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Should Tax Payers Pay for Christian School? SCOTUS to Decide

separation of church and state

The Supreme Court is scheduled to hear oral arguments Wednesday in what could be a landmark case impacting the separation of church and state. Three mothers from Montana are suing a state agency, saying it is unfairly denying them funds that they rely on to send their children to private schools simply because those schools are religious. 

“This is grossly unfair to any parents of kids who go to religious school,” said Kendra Espinoza, according to Reuters. Espinoza is one of the plaintiffs in the case, and she says, “It’s not fair to us to be excluded (from) funds available to the general public.” 

Randi Weingarten, the president of the American Federation of Teachers, disagrees: “They’re demanding the court require public funding of religious schools. This is a blatant affront to democracy…It would basically change 200 years of practice in the United States.”

Debating the Separation of Church and State

The case of Espinoza v. Montana Department of Revenue began in 2015 when the Montana state legislature created a tax credit program that provided dollar-for-dollar tax credits for individuals and businesses that donated up to $150 toward helping students attend private schools. The state allotted $3 million dollars per year for this purpose. 

While the money was set aside for students attending any private school, religious or otherwise, ABC News reports that 69 percent of private schools in Montana are religious. And according to NBC News, 90 percent of schools that signed up for the scholarship fund had a religious affiliation. After the legislation was passed, the Montana Department of Revenue decided to stop any of those funds from going to schools with religious ties on the basis that allowing that would be unconstitutional.

The Montana Supreme Court heard the case in 2018, after which it decided to eliminate the tax credit program altogether. Scholarship recipients have, however, retained their financial aid for the current school year while the U.S. Supreme Court hears the case.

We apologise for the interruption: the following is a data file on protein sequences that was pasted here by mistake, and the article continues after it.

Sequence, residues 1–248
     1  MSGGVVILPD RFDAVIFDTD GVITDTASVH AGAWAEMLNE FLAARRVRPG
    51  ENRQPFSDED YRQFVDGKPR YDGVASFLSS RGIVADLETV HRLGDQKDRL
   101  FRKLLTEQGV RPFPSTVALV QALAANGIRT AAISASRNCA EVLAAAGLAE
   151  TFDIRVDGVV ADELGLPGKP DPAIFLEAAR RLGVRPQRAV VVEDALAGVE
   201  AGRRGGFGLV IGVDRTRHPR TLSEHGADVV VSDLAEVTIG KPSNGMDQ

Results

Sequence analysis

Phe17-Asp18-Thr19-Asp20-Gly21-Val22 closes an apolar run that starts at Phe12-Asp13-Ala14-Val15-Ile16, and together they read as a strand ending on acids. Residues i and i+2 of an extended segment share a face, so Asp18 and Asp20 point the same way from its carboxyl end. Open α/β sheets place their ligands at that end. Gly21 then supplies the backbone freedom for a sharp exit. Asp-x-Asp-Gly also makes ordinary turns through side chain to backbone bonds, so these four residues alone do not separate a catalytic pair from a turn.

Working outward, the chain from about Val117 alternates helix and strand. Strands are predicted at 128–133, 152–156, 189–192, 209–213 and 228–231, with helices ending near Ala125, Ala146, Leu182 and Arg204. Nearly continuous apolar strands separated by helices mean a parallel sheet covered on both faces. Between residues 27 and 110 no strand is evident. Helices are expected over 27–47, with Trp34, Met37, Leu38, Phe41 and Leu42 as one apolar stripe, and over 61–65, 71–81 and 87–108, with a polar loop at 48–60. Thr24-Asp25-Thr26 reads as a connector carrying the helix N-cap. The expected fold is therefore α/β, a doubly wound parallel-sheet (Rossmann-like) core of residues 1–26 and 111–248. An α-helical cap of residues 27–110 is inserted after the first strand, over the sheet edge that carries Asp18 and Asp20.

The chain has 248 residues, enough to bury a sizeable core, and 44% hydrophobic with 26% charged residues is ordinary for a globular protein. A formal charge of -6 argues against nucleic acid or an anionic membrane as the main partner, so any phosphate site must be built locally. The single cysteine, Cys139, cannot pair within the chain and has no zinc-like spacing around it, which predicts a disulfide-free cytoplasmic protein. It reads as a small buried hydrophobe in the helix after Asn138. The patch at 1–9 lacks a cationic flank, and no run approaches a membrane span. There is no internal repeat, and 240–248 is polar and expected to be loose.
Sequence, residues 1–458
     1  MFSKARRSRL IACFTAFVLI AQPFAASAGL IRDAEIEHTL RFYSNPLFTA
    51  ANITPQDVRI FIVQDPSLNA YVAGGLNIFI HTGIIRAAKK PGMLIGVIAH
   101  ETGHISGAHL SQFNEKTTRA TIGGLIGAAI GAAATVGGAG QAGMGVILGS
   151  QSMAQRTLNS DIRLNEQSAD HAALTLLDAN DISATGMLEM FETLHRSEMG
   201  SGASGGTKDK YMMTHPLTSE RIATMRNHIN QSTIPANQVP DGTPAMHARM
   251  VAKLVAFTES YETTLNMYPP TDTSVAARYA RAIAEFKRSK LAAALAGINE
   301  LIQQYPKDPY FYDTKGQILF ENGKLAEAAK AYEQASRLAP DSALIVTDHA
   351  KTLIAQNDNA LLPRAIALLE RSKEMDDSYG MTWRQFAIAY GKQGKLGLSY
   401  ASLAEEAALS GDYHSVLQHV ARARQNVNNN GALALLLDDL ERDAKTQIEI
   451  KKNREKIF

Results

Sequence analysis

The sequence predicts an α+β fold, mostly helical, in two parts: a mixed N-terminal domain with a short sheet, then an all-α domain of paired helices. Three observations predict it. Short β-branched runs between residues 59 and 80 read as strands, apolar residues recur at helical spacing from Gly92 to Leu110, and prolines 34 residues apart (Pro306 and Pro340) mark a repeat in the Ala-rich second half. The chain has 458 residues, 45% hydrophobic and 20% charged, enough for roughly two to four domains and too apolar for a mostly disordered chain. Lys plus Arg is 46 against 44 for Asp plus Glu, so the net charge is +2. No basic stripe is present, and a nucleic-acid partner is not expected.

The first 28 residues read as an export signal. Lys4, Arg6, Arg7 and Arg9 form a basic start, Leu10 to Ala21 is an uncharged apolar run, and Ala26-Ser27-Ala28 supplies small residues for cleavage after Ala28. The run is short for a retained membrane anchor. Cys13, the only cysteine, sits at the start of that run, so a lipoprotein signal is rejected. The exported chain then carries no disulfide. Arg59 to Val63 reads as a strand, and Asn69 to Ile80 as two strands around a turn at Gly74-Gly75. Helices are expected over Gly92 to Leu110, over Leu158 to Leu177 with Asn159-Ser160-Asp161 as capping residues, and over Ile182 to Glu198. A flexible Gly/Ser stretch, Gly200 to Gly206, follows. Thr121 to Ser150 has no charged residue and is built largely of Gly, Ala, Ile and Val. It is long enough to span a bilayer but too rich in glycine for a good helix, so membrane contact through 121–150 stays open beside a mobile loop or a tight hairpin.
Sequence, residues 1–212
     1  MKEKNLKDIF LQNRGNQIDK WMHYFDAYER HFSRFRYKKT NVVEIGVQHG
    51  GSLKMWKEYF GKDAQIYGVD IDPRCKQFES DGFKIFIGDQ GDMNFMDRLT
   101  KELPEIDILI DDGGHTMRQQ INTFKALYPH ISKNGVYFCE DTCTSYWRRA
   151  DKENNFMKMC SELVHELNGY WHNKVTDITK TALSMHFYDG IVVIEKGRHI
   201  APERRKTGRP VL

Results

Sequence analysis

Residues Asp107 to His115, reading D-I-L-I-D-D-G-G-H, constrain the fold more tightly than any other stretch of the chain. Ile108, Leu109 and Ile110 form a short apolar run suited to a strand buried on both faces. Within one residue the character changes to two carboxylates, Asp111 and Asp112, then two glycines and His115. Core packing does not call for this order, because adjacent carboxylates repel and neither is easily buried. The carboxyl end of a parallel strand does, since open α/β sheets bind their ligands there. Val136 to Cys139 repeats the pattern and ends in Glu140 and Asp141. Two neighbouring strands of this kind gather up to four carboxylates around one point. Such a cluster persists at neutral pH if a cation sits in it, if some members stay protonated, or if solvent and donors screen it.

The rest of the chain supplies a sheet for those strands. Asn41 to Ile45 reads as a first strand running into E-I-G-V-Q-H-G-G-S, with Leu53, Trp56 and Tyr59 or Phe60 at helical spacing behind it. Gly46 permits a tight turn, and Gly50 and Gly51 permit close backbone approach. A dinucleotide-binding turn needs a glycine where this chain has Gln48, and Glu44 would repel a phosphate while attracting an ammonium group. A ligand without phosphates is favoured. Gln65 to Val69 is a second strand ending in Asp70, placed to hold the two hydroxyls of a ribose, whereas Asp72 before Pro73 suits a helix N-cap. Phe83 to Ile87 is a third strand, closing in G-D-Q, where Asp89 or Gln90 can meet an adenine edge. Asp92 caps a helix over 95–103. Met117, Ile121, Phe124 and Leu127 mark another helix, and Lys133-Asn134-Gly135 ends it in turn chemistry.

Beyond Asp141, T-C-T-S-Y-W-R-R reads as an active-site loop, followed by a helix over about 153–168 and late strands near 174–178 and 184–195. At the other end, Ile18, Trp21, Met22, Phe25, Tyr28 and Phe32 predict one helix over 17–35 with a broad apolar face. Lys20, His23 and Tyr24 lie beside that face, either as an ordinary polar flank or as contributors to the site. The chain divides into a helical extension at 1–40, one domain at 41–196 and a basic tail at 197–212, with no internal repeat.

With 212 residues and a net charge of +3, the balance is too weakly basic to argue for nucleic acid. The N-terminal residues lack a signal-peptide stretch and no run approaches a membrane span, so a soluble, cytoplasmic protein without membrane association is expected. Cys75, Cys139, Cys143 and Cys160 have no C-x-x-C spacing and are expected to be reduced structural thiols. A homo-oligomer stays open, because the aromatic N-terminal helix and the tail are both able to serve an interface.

Arguments For and Against

Kendra Espinzoa is a single, working mother who could send her two daughters to public school for free, but instead relies on state money to help her send them to Stillwater Christian School in Kalispell, Montana. Espinoza told the Bozeman Daily Chronicle (BDC) that her daughters prefer attending Stillwater, where they are happy, instead of going back to public school, where they were “facing distractions, bullying and ostracism.” 

Espinoza works three jobs, and she and her daughters do yard work, clean offices, and hold yard sales to make ends meet. She does not believe she should be prevented from deciding where to educate her children just because she wants to send them somewhere that teaches a Christian worldview. Espinoza and the other plaintiffs (who are supported by the Trump administration) argue that Montana’s actions go beyond neutrality to outright hostility toward religion

Opponents of the case argue that if the plaintiffs win, the result could have widespread, negative consequences for the separation of church and state in the U.S. The head of the National Education Association called the situation “the latest stealth attack on public education.” The state of Montana has told the Supreme Court that adding private schools to the pool of schools that receive state funding will hurt the entire educational system and would compel some residents to financially support beliefs with which they do not agree. What’s more, the state says it is actually protecting religious freedom “by preventing the government from using its leverage to dictate religious policy.” 

The BDC says the case’s opponents are worried about the potential outcome, while its supporters are optimistic about the Supreme Court’s decision, which should be handed down in late June. One reason the plaintiffs might feel they have a good shot at winning is that in 2017, the Supreme Court ruled that the state of Missouri could not stop a Lutheran school from requesting state money to restore its playgrounds. This was before Justice Brett M. Kavanaugh joined the Supreme Court, which now has a 5-4 conservative majority. However, Chief Justice John Roberts was careful to state that the court’s decision in the Missouri case does “not address religious uses of funding or other forms of discrimination.”

Montana is one of 37 states that prohibits public funding for schools with religious affiliations, and there is one point on which both sides of this debate are in full agreement: the Supreme Court’s decision will be highly significant for policies pertaining to the separation of church and state. 

Weingarten fears the impact that a decision in favor of the plaintiffs could have on public education, saying it would “be a virtual earthquake.” Erica Smith, a lawyer representing the plaintiffs, agrees about the extent of that impact, saying that a decision in their favor “will provide momentum to the entire country.”